The Tabernacle of David


A New Thing

God is doing a new thing in the earth in this day[1]. Did I say a new thing? This work of God has been foreshadowed throughout the whole of the Bible, has been experienced by His people in prophetic foretastes throughout history, and it is what we can look forward to in greater measure as the days before us unfold[2]. This work is, however, a new thing that God is establishing in the earth for the very first time on a global scale. “The latter glory of this house shall be greater than the former’, says the LORD of hosts; ‘and in this place will I give peace and prosperity…” Haggai 2:9. What is this new thing? This latter glory greater than the things that have come before it will only be brought forth in the midst of His House established in the earth. This new work of God in the earth is the establishment of His House of Prayer in cities all over the globe.

God has told us throughout His word that He would do this work in the earth in these last days. In Acts 15, James quotes the prophet Amos, ” ‘After these things I will return, and I will rebuild the tabernacle of David which has fallen, and I will rebuild its ruins, and I will restore it, so that the rest of mankind may seek the LORD, and all the Gentiles who are called by my Name,‘ says the LORD who makes these things known from long ago.” (Acts 15:16, 17 & 18) The work springing up today all over the world of the establishment of the House of Prayer is a direct fulfillment of this promise of God. But what is the Tabernacle of David?

David’s Tabernacle

David brought the Ark of the Covenant to Mount Zion in his own city, The City of David, not back to Moses’ tabernacle (1 Chron. 15:1). He pitched a tent for the ark, the seat of the very presence of God, in his own backyard — not bringing it back to its proper religious position! What is going on here? The scriptures tell us that the ark had been taken by Israel’s enemies, but those enemies had nothing but trouble while they kept it. So they sent it away with fear and gifts of apology, and God led the oxen that carried it back into Israel’s territory. The Ark of God languished in dishonor at Kiriath-jearim in a house in the woods, however, while Saul was king (I Samuel, chapters 5, 6 & 7).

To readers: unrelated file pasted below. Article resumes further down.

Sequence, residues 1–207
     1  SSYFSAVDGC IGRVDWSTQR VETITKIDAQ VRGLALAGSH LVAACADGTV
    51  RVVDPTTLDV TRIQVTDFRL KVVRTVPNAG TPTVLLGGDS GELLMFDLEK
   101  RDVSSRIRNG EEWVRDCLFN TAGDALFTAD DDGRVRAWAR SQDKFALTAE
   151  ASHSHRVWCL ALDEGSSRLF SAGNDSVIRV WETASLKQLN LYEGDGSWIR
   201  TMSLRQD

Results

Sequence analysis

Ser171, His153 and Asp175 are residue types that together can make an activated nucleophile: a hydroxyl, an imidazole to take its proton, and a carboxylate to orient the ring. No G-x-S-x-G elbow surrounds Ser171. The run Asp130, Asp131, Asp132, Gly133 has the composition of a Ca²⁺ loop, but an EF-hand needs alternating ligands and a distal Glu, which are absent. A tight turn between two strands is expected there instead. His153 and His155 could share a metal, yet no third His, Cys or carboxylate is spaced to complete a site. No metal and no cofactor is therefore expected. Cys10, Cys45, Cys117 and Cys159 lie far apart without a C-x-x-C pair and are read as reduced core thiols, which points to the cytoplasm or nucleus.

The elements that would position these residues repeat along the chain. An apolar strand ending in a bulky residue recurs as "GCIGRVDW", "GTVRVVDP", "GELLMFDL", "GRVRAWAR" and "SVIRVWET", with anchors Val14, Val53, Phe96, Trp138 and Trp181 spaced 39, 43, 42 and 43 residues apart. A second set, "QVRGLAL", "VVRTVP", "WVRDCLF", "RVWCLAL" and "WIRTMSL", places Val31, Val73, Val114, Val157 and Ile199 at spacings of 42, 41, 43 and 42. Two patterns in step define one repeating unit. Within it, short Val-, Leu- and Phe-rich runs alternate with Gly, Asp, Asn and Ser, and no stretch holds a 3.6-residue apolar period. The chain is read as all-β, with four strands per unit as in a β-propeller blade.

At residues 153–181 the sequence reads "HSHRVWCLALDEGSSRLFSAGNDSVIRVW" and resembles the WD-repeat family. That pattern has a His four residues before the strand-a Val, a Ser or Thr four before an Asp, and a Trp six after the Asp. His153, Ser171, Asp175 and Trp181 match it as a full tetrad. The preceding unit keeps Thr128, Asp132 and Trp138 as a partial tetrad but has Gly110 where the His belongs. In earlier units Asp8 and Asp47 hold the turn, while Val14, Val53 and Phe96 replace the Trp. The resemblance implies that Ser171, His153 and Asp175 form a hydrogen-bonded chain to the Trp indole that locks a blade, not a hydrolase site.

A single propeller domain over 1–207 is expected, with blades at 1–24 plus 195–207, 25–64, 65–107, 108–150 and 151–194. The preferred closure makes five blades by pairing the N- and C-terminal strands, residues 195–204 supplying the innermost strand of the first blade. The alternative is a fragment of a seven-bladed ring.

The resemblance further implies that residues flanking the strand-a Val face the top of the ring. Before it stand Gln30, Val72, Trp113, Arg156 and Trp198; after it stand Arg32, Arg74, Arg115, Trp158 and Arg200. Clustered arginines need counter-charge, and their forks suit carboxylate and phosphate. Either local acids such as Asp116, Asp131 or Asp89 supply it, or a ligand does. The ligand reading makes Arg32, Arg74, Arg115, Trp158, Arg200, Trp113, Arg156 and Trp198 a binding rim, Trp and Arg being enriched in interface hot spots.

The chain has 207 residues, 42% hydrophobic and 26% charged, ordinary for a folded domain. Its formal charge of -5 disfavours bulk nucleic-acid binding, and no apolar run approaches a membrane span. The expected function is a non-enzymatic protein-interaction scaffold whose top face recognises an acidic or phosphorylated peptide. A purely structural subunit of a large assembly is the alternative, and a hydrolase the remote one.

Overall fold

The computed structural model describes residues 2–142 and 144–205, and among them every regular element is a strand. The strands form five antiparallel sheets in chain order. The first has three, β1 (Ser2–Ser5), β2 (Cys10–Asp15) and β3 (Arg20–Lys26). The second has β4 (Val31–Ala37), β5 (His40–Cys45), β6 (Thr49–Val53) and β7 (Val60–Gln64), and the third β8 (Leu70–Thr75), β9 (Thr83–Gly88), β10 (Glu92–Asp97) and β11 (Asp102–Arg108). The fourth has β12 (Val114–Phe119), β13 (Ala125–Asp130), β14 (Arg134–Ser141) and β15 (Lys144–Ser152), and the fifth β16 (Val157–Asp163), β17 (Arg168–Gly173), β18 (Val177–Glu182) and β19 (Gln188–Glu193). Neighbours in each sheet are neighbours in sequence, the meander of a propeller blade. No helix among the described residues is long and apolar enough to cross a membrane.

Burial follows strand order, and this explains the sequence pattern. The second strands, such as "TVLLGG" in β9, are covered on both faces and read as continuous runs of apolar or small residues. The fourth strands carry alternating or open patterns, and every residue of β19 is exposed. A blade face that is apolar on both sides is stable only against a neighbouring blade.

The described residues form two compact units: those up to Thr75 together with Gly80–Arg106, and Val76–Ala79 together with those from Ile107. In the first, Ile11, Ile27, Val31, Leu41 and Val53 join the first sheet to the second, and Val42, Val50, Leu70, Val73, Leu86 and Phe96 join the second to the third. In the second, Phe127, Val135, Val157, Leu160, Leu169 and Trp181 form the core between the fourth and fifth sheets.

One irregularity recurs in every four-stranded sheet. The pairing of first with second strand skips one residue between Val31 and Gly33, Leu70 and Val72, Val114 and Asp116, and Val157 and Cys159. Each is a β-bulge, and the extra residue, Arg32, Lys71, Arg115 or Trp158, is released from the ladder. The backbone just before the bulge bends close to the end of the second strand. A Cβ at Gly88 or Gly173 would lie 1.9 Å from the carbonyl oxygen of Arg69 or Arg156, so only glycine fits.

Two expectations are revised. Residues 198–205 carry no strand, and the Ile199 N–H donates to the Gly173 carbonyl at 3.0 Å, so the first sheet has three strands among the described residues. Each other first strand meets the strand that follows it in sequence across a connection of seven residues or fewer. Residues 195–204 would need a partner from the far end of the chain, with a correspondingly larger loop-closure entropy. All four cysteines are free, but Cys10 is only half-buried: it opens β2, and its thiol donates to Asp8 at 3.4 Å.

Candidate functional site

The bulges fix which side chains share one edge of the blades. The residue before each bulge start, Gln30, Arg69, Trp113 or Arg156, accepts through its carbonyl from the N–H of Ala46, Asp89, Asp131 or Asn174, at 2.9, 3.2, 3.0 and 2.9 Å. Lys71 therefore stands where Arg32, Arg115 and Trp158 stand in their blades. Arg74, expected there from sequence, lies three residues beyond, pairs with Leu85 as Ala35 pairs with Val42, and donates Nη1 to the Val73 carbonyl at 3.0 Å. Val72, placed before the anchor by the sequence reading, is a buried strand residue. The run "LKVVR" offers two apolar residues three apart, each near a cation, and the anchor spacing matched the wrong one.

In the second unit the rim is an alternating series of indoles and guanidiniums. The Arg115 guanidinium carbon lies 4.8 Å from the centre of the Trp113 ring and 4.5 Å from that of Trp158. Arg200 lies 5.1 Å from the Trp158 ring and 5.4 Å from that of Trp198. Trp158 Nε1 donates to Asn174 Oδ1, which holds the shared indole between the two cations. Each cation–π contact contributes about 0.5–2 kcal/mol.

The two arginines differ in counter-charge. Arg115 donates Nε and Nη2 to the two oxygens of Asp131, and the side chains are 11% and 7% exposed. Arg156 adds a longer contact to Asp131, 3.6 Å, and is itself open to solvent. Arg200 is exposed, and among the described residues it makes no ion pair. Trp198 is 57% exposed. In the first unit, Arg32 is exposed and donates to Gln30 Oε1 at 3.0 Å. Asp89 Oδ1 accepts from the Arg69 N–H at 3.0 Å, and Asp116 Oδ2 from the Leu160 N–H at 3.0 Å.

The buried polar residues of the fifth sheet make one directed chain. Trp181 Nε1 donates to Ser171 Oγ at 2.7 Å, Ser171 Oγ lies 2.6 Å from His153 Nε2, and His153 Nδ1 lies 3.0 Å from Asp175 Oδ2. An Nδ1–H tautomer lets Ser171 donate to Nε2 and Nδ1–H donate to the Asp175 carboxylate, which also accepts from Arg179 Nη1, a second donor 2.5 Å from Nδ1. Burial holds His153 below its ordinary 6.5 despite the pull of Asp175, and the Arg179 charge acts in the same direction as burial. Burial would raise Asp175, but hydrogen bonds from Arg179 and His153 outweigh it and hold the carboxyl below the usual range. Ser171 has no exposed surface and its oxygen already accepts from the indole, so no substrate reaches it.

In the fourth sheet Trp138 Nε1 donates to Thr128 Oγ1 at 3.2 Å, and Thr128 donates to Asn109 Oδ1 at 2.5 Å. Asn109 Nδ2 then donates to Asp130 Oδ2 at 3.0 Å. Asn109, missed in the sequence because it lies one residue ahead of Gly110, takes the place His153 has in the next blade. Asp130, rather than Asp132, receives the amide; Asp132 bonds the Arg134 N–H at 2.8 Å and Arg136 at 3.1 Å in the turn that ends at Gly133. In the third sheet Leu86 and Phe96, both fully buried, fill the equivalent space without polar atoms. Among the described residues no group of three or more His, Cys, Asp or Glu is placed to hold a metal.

When David became king God moved on David’s heart to bring the ark back to a place of honor (1 Chron 13:1-3). But why Zion? Zion was the highest hill in the territory of Judah, the tribe of David. David’s desire to give a home to the ark in his family territory speaks of the heart of affection that David carried for God’s presence. Furthermore, the meaning of the name Judah in Hebrew is “praise”. David had a heart after God[3] and relationship enough with Him to know that God is more honored on the mount of praise and worship than on the mount of sacrifice[4]. So the Tabernacle of David was established on the summit of Mount Zion with the Ark of God housed in a simple tent in the sight of the whole city.

This was an astounding new development, for no one, including priests, could approach the ark in Moses’ tabernacle. Only the High Priest could stand before the ark, and only on The Day of Atonement[5]. David understood, however, that God wants to be honored among His people in worship and praise: David knew that God inhabits the praises of His people[6]. David appointed priests, singers and musicians to minister before the ark at Zion[7]. The priests at Zion led the people day and night in praise, prayer and revelation with singing, playing instruments, petitioning, prophesying, and worshipping with all their might — in the place of symbolic animal sacrifices[8]. This foreshadowed the message of the book of Hebrews in the New Testament.